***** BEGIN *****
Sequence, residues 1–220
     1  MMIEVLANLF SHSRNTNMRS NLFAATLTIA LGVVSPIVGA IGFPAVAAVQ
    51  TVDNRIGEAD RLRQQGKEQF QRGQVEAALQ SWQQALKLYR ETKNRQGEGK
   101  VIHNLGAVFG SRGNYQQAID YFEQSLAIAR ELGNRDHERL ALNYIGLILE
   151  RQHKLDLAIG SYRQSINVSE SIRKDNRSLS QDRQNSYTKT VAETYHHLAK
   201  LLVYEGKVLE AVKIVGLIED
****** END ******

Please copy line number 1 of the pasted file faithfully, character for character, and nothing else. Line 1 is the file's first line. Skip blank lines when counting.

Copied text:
Sequence, residues 1–220